In 1978 The Who released the band’s eighth studio album, Who Are You. The album’s release was overshadowed by Keith Moon’s death due to an overdose on prescription drugs. Who Are You featured the title track, which became one of The Who’s biggest hits in the US. In 1979 The Who branched out and produced two films: one a documentary on the band’s tour exploits. and the other a film version of Quadrophenia.
The band replaced Moon with drummer Kenney Jones, previously of The Faces, and recorded two more albums Face Dances (1981) and It’s Hard (1982). For these records the band changed from its epic rock persona to a more radio-friendly sound. Many of the band’s legions of fans didn’t like The Who’s new direction. After the release of It’s Hard, Townshend announced that the band would embark on one more “farewell tour” and then become exclusively a stage band. In December, 1983 Townshend announced his decision to leave The Who and pursue a solo career.
Townshend’s solo breakthrough was the album Empty Glass which included the top-10 hit “My Love Opened the Door”. Throughout the 80s and 90s Townshend experimented with the rock-opera format releasing three story based albums: White City: A Novel (1985), The Iron Man: A Musical (1989), and Psychoderelict (1993). In the mid-90s Townshend reunited with the remaining members of The Who for a series of world tours. He continues touring despite John Entwistle’s passing in 2002. The band was ranked the 29th greatest artist of all-time by Rolling Stone magazine.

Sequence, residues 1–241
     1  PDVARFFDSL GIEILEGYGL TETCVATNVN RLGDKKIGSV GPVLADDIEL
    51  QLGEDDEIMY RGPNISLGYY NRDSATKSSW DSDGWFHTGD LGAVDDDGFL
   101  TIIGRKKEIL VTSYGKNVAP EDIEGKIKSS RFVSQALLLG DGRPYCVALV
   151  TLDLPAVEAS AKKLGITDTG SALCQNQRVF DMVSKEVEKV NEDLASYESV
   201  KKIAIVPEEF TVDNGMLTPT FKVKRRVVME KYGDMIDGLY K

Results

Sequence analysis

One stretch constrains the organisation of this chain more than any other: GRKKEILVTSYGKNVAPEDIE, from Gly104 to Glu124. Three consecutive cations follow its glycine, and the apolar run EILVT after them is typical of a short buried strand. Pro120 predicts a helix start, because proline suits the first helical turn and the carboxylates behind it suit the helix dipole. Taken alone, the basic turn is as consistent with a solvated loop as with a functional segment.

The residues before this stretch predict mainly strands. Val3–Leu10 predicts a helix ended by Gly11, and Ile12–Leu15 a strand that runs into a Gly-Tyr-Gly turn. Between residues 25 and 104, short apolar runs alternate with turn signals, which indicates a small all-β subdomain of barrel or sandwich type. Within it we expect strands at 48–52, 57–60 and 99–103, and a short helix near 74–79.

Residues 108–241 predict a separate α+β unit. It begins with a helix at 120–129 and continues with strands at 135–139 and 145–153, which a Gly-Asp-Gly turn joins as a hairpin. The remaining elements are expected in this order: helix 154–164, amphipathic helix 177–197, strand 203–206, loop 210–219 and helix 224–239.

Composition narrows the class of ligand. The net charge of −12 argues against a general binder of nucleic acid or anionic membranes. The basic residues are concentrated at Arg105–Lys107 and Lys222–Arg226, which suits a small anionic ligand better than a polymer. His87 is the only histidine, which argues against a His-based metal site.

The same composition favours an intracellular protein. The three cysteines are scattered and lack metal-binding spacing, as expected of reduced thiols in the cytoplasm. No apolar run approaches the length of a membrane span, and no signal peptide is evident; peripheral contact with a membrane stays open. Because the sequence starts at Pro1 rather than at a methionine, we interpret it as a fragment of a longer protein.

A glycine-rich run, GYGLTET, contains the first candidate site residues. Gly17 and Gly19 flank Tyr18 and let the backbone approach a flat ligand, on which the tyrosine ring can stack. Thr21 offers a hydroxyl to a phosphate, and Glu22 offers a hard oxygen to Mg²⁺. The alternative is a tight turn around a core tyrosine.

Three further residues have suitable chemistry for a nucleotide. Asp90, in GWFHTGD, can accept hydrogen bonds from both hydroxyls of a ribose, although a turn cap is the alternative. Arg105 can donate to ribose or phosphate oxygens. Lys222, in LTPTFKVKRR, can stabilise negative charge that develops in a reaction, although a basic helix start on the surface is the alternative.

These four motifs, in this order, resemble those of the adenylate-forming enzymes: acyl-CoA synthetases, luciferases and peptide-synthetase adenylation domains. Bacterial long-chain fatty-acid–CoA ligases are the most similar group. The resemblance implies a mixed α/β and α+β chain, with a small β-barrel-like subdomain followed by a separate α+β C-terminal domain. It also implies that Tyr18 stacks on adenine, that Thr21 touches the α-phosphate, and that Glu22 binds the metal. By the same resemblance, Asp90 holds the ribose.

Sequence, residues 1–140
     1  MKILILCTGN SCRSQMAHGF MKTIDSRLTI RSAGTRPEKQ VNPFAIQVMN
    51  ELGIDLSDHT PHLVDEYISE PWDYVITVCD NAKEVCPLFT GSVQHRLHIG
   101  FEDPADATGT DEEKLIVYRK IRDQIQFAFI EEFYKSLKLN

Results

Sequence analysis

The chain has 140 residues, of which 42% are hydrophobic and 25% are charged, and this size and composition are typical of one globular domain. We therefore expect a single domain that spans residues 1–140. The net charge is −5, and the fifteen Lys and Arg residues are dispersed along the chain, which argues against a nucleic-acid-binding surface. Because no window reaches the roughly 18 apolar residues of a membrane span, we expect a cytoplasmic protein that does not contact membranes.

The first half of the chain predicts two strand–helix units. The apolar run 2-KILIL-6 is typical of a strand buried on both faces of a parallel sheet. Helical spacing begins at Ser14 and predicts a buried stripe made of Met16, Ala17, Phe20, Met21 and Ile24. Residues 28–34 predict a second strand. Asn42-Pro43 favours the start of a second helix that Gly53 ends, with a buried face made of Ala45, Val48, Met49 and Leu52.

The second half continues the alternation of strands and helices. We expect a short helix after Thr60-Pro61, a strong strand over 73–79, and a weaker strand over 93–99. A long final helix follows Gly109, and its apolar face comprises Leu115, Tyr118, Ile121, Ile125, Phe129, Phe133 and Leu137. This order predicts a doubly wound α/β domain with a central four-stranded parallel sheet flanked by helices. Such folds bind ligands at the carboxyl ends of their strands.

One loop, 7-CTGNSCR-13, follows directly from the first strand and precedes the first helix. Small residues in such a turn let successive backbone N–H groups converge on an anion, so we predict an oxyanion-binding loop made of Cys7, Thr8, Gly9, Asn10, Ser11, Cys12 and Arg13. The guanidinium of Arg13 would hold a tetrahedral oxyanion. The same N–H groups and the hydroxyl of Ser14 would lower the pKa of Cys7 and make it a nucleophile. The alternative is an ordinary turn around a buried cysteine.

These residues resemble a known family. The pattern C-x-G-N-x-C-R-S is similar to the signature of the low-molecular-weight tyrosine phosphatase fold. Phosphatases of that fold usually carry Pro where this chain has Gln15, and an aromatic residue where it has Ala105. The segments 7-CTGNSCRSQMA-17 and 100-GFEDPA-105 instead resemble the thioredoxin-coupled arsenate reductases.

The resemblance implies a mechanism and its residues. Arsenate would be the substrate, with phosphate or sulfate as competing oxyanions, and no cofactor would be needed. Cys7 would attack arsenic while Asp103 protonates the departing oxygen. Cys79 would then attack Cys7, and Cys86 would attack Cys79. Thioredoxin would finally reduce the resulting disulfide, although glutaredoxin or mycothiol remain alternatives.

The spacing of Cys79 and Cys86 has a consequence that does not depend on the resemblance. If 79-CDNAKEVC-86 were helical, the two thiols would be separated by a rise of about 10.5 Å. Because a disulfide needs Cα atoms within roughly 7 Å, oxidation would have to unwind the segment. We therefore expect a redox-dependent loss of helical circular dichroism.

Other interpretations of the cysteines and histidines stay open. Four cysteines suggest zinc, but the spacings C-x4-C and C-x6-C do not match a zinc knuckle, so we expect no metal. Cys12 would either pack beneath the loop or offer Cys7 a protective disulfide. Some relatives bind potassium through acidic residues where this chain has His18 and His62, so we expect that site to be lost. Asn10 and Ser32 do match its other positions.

Throughout his career with The Who, and later as a solo act, Pete Townshend has used (and smashed) a wide variety of guitars. In his early days with The Who Townshend played an SS De Luxe and 6-string and 12-string Rickenbacker semi-hollow electric guitars. However, as instrument smashing became more prevalent he switched to more popular and cheaper models including the Fender Stratocaster and Telecaster. In the late-60s Townshend began playing Gibson SG Special models almost exclusively. In 1972 Gibson changed the design of the guitar he had been using so he switched to using a Gibson Les Paul Deluxe for much of the 1970s. In the eighties he mostly played Rickenbackers and Telecaster-style instruments. Since the late 80s he has used a Fender Eric Clapton Signature Stratocaster both on tour and in the studio. Some of his Stratocaster guitars feature a Fishman PowerBridge piezo pick-up system to simulate acoustic guitar tones. This piezo system is controlled by an extra volume control behind the guitar's bridge. Townshend has many Gibson signature guitars including Pete Townshend Signature SG, the Pete Townshend J-200, and three separate Les Paul Editions.
The Who has made use of a variety of different amplifiers throughout the years including Vox, Fender, Marshall and Hiwiatt brands. Townshend has relied on Hiwiatt amps the most during his four decades in music. Pete figured prominently into the creation of what is referred to as the Marshall Stack in music circles. On the cusp of the popularity of Jim Marshall’s guitar amplifiers, Townshend ordered a batch of these amps in addition to several speaker cabinets. Originally the speaker cabinets housed eight speakers and stood nearly six feet high. At the suggestion of Townshend, Marshall cut the speakers in half, with each cabinet containing only four speakers and made them stackable. Thus the Marshall Stack was born.
Pete Townshend’s legacy will always be tied to the band he co-founded. The Who will go down as possibly the greatest rock band of all time. Townshend’s wild stage antics and flamboyant showmanship have influenced and continues to influence generation upon generation of rock musicians. Townshend is a rock innovator of a rare breed who has pushed every boundary that society has tried to impose on him. He has achieved massive commercial appeal and critical success by just staying true to himself. So I say thank you Pete Townshend, thank you for just being yourself.